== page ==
The much-vaunted pit-to-port corridor out of Zambia and the Democratic Republic of the Congo (DRC) to Angola has received its strongest pledge of support from primary commodity importers out west.
Speaking at the Partnership for Global Infrastructure and Investment (PGII) event at the G20 in India over the weekend, the EU and US said they welcomed the commitment to regional and global trade markets via the Port of Lobito.
A statement released by the European Commission (EC) said: “To accelerate this work in partnership with the three African countries, the European Union and the United States are teaming up to support the development of the Corridor.”
It includes feasibility studies for a new greenfield rail line expansion between Zambia and Angola.
The statement said: “The EU-US partnership will upgrade critical infrastructure across sub-Saharan Africa to unlock the enormous potential of this region.
“We are excited to join forces to generate economic benefits with our partners in Angola, the Democratic Republic of the Congo and Zambia.”
Apart from financially investing in the corridor, assistance with technical know-how, digital access and agricultural value chains were also identified as key components of EU-US participation in the Lobito Corridor.
The EC said: “As an immediate next step, the European Union and United States will support the governments (of Angola, Zambia and the DRC) in launching pre-feasibility studies for the construction of the new Zambia-Lobito railway line from eastern Angola through northern Zambia.
“This builds on the initial US-led support to refurbish the railway section from the Lobito port in Angola to the DRC.”
This weekend’s announcement once more confirms the fundamental shift in regional logistics that the Lobito Corridor is expected to bring about.
At 1 800 kilometres from Solwezi, Zambia’s copper mining nerve centre, and with Kolwezi in the DRC’s mines being even closer, Lobito is expected to become the port of choice.
However, the Port of Walvis Bay, which lies further south in Namibia, could remain a serious option for west coast cargo on its own corridor to Zambia and the DRC, despite being more than 2 264km from Solwezi.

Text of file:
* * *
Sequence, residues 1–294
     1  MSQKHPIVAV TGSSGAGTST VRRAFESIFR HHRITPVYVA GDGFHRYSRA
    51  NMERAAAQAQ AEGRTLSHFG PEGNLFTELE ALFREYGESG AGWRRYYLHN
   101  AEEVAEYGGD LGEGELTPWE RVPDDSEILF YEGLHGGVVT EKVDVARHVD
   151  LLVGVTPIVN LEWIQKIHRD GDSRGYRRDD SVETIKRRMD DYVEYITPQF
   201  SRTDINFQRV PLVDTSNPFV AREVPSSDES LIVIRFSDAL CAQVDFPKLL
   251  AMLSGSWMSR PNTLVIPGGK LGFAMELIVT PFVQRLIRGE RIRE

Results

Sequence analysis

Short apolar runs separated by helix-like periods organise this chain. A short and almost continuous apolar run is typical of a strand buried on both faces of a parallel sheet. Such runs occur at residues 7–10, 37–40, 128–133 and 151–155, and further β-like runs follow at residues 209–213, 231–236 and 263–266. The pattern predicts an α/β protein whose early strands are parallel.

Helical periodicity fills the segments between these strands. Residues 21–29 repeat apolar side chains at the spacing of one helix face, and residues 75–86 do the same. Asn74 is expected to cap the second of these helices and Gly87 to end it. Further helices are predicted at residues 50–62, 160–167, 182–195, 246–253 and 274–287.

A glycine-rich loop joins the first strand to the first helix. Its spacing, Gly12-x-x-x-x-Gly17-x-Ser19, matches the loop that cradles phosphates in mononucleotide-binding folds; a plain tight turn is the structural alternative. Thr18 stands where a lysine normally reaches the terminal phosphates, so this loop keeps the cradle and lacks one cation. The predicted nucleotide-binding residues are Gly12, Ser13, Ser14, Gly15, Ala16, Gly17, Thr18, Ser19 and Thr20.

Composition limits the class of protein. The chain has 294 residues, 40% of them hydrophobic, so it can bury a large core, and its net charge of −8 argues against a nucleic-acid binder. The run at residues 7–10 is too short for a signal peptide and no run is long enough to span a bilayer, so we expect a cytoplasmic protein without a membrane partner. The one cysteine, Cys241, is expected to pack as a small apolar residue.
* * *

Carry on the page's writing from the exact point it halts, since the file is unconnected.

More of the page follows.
Industry stakeholders in Namibia maintain that Walvis Bay is a better-run port and that distance and multiple borders won’t count against it.
But there’s no denying that the Lobito Corridor, apart from being the shortest corridor to Solwezi and Kolwezi, and also rules out the chaotic Copperbelt crossing of Kasumbalesa, is going to be a major game changer.
The EC statement said: “Once transport infrastructure connecting all three countries is fully operational, the Corridor will enhance export possibilities for Zambia, Angola and the Democratic Republic of the Congo, boost the regional circulation of goods, and promote the mobility of citizens.
“By significantly reducing the average transport time, the new railway will lower the logistics costs and carbon footprint of exporting metals, agricultural goods, and other products, as well as for future development of any mineral discoveries.”
Going into further detail as to the extent of investing in the corridor, the EC said: “The EU and US plan to explore cooperation in three specific areas:
- transport infrastructure investments
- measures to facilitate trade, economic development and transit; and
- support to related sectors to fuel inclusive and sustainable economic growth and capital investment in Angola, Zambia and the Democratic Republic of the Congo in the longer term.
“Specifically, this includes developing clean energy projects to increase the power supply to surrounding communities, supporting diversified investment in critical minerals and clean energy supply chains, extending digital access, growing agriculture value chains to enhance local food production for the region's expanding population, and to address global food insecurity, as well as augmenting local workforce training, support for small and medium enterprises and economic diversification.”